Rena Oil Spill Latest: Containers In Sea, Cpt Charged


Latest main developments:

  • 70 containers in sea
  • Rena captain charged
  • Police warn anyone opening containers washed up will be charged

Rena this morning | NZDF

Rena port side | NZDF

About 70 containers – but not those containing hazardous materials- have come off the stricken cargo ship Rena and are now in the water heading for shore.
Maritime NZ says it’s highly likely that more will come off due to the current severe weather conditions and the vessel’s heavy list.
Once an aerial survey is completed, there will be a clearer picture of exactly how many containers have come adrift. This aerial survey will go ahead today once the weather has cleared and the sea conditions have improved.

There are 1368 containers on board. Eleven containers containing hazardous substances are still on the vessel and are not among the 70 estimated overboard.
Navigational warnings have been issued to mariners and major shipping has been re-routed.

Containers are likely to wash up on the beaches.
The officer in charge of the Police operation to support Maritime New Zealand, Inspector Karl Wright-St Clair, says even if the containers come ashore, they remain the property of the original owners or insurers. He says people have a statutory responsibility to notify authorities about their location.

Inspector Wright-St Clair says people should not attempt to open any of the containers, as some of them may contain hazardous material. He says it is also an offence to attempt to open or retrieve any of the containers.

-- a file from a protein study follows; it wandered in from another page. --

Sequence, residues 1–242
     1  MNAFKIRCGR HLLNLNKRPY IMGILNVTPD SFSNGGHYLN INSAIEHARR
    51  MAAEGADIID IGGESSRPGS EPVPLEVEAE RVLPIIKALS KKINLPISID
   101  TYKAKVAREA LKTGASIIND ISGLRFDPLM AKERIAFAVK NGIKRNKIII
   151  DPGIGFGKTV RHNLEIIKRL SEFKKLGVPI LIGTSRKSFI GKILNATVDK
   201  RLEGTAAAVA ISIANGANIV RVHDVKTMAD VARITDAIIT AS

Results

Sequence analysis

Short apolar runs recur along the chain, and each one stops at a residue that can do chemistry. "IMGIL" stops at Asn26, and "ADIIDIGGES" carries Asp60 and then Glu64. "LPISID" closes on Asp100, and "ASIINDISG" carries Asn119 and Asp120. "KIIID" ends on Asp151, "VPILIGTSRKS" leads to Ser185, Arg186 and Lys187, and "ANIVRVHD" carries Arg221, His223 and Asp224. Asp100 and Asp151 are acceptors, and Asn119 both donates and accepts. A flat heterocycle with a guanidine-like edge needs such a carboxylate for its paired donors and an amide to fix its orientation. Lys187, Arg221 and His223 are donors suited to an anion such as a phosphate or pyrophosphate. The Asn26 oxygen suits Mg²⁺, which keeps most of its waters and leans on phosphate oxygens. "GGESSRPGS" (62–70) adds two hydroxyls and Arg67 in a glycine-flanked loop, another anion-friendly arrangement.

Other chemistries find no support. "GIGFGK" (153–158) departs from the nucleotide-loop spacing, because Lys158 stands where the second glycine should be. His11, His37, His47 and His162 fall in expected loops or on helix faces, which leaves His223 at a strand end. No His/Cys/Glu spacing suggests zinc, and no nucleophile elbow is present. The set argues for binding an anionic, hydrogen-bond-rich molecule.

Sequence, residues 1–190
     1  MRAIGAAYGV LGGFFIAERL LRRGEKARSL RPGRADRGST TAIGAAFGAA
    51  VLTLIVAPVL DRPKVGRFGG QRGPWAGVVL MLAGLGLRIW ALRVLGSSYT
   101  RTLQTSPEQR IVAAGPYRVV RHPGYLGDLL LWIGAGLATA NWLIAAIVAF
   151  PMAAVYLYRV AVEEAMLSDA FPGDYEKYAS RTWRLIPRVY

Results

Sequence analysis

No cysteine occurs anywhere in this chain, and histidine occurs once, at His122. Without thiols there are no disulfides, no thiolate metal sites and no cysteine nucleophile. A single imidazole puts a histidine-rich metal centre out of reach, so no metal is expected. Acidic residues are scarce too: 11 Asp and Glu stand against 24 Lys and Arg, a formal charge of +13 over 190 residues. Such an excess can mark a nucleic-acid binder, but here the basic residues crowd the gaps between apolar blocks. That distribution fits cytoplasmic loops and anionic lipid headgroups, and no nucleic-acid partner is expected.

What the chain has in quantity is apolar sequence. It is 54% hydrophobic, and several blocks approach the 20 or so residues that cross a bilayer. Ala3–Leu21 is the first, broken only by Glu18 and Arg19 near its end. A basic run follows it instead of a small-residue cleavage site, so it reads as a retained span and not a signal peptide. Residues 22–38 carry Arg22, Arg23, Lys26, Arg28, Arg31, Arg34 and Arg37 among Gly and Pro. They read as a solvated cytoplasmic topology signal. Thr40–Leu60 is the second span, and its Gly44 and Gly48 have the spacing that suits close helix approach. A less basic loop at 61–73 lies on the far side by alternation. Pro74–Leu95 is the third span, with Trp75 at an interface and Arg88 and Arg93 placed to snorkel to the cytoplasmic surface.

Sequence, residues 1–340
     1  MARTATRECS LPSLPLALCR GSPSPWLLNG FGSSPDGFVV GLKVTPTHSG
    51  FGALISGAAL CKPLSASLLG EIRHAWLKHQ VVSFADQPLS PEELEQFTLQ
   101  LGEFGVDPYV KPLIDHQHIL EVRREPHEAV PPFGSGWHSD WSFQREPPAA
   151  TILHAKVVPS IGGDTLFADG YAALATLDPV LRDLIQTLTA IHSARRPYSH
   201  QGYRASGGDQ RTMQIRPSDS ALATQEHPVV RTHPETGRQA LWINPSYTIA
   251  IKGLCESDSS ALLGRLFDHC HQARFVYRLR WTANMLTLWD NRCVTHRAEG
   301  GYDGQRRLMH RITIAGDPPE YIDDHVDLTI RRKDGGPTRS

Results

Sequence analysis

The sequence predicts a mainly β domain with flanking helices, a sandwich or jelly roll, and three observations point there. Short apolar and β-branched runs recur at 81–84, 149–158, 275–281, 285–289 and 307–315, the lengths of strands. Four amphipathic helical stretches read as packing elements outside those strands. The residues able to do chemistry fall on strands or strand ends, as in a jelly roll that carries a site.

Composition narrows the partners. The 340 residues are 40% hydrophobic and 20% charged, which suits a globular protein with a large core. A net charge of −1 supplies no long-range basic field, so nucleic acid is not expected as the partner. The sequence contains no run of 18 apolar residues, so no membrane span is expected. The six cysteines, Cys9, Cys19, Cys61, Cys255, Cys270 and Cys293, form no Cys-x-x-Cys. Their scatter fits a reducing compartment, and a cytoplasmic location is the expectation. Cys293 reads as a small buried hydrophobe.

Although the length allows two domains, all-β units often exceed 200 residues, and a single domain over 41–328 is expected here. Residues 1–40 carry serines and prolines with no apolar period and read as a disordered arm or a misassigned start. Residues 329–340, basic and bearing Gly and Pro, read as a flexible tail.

“If people see any containers, please call 0800 OIL SPILL immediately to give them the location. Ideally, please give them the beach access number that the container is closest to, or any other noticeable landmark.

Inspector Wright-St Clair says if people are found to be interfering with containers, they will be dealt with by Police, with a view to prosecution.

The Master of the vessel Rena has been arrested and charged by Maritime New Zealand (MNZ) under section 65 of the Maritime Transport Act (MTA) 1994, “for operating a vessel in a manner causing unnecessary danger or risk”.

He will appear in the Tauranga District Court . One s65 MTA charge has been laid, but it is likely more charges may follow.
The s65 charge carries a maximum penalty of $10,000, or a maximum term of imprisonment of 12 months.

Penguin being at the wildlife rehabilitation facility| Blair Harkness




  1. David says:

    Isnt it fantastic how long it took to get the recovery operation under way for this. You do have to wonder if some or all of the oil could have been removed in teh first day before the bad weather, and a helicopter capable of removing the containers bought in before they went overboard….

    Tragic and silly. Sounds like politics between company owning ship and whoever is to blame here.

  2. Ingolfson says:

    David, lifting dozens of 40 feet containers by helicopter, from a listing ship, in bad weather? Loaded weight for each of them can be as much as 30 tons!

    The biggest heavy-lift helicopters around can generally can lift no more than 10-20 tons, and I am not aware that NZ even has any such large copters!

  3. Geoff Houtman says:


    There were 4 days of good weather in which nothing was done.

    Appreciate your point about weight though.

    Just shows how completely unprepared we are again…

    These schmucks at Maritime NZ make ATEED look competent.

  4. sally says:

    David, I have know idea what part of nz you live in or if indeed you do;News flash! I don’t think we have had 4 days of “good” weather since last summer.Can you really expect anything other than complete shell shock re this after Pike river,CCh Quakes,Flooding,Tornados,Polar blasts,etc.So just get a bag, come to our beaches & shovel something other than your unrealistic views.


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